The Receivership of Waterford Wedgwood marks the end of a long relationship between Sir Anthony O’Reilly and Waterfrord Crystal, a product he dearly loves.
A very successful business man in Ireland and America, he bought into Waterford Wedgwood back in 1990 through his investment vehicle, Fitzwilton, along with Morgan Stanley, the American investment bank.
Sir Anthony had worked hard to secure a deal at the end of the year, where he would maintain a minority interest in the company with new investors, but this failed after a bank payment was not met on January 2nd.
It had been the third time that this bond payment had not been paid on the due date via Bank of America and thus the end of the road had been reached for the current owners as the banks sought administrators to the group to try and recover debts of over 400 million euro.
Sir Anthony O’Reilly and his wife Chrys Goulandris duly resigned as directors a few days later with her brother Peter Goulandris. They had invested a massive 400 million euro in the group to underwrite losses and pay out redundancy sums for factory closures in Waterford, Britain and Germany.
Late last Friday, the Rosenthal company was formally put into administration in this very complex international process.
The seeds of the massive big debt that hung over the Group for the last two decades go back to 1986 when then Chairman Paddy Hayes bought the famous UK ceramics firm Wedgwood. This was for a massive sum of 250m Irish pounds, flushed with profits from Waterford Crystal and a strong US dollar.
At that stage 3,200 employees were working in Waterford and Dungarvan, a massive Redundancy programme saw debts rise further when 1000 signed up for early retirement despite trade union opposition at the time. This cost the firm up to 70m at the time.
By 1990 as the world economy and the US in particular slowed at the end of the booming eighties for crystal, Dr. O’Reilly bought in with Morgan Stanley at what was a low share price compared to a few years previously. They bought in early that year and changes in work practices were sought, a long strike ensued followed by short time and more redundancies, as newly appointed chief executive Dr Paddy Galvin sought more efficient methods of making crystal.
Automation was brought in and out sourcing began, again despite opposition, by the year 1994, the company had been turned out and another wave of profits came. This was probably the best period for the firm under Dr. O’Reilly with the peak being achieved in 2000 when the Millennium crystal sales achieved record numbers, spearheaded by Redmond O’Donoghue, marketing supreme and later chief executive in that period.
Looking to Europe
In the mid nineties the Waterford Wedgwood Group began to look at Europe and Rosenthal, the premier German manufacturer of ceramics, at the time, Germany was suffering due to higher taxes to fund unification, later they bought into a ceramics competitor Hutschen-Reuter. Over 100 million euro was paid and with factory closure costs this investment never really paid off.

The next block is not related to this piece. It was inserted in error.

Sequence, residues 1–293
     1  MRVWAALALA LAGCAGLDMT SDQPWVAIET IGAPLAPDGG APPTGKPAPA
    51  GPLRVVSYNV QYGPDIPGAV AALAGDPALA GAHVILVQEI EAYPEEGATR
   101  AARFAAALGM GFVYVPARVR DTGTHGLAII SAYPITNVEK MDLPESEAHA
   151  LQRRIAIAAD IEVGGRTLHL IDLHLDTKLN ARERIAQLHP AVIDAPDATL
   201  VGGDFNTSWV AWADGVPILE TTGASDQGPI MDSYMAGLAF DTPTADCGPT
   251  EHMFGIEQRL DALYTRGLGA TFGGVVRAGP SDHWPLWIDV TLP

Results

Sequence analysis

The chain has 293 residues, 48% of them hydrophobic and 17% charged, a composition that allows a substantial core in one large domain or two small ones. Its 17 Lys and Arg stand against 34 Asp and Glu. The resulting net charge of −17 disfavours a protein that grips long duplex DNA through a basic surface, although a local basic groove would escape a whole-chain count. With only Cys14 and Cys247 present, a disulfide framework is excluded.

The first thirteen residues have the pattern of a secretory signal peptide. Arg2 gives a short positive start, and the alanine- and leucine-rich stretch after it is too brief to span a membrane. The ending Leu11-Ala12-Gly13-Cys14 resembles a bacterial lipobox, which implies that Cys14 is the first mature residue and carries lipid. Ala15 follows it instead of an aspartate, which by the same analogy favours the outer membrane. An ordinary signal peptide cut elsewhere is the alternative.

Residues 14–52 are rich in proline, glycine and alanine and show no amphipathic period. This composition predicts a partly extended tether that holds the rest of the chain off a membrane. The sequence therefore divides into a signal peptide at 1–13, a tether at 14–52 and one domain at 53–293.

Stuart Crystal in England was also bought, this firm had limited market impact in terms of sales growth, but had potential, whether tastes had changed in the UK for more casual living and lifestyle, this luxury product had some successes.
One very smart acquisition was kitchen ware firm All Clad in America. That always made a profit and was sold for a surplus also. Royal Doulton in England, a lossmaker ceramics firm was bought around this time, as pottery making was rationalised in England. In hindsight it must be wondered if some of these acquisitions pushed the group into too much debt.
Following the work carried out by Dr Paddy Galvin in the mid nineties, it could be argued if fewer acquisitions were made and debts not built up, could the firm have survived under Sir Anthony O’Reilly. The factory closures in places like Wedgwood, Germany and Waterford/Dungarvan cost large amounts of capital adding to the big debt.
Questions for historians
If Wedgwood had been sold in the late nineties, would Waterford have survived in better shape than it is now. In the future, academics and historians will ponder over these questions. Back in 1990, Dr O’Reilly did put in much needed capital and expertise into the group and maybe did not get the appreciation he deserved.
At that time in 1990, 100m Irish pounds was invested. He did receive dividends subsequently from the mid nineties onwards but never got a full return on his investment. Morgan Stanley had sold on their shares as investment banks do.
While the McGrath family had a more paternalistic approach in the sixties and seventies, before UK investors Globe Investments came in ahead of O’Reilly, the harsher business world saw regular rationalisation from the nineties onwards.
Outsourcing became a major means of production as industrialists moved to low cost countries and unfortunately for Waterford the crystal with its high wage costs followed this economic trend.
With American investors KPS coming in now, there is not too much manufacturing left to cut, it is more a great brand that needs to be re-developed when the upturn arrives eventually. The Visitor Centre will be a key tourism element also, this was a key investment when it took place back in the late eighties.
All Waterford will be hoping that there are better times ahead and that the product of crystal can be re-vitalised. Dr O’Reilly saw the great marketing potential after his Kerrygold success but now the baton passes on as it did with
The McGraths who took over from the Czech Baciks.
The commitment to Waterford Crystal was given by all three, the McGraths did best from their investment with Sir Anthony losing colossal sums of money.
The next set of investors are likely to be more careful in these recessionary times. Employment at the factories has slumped and in the future there may be a hope of some revival in design and development of the brands.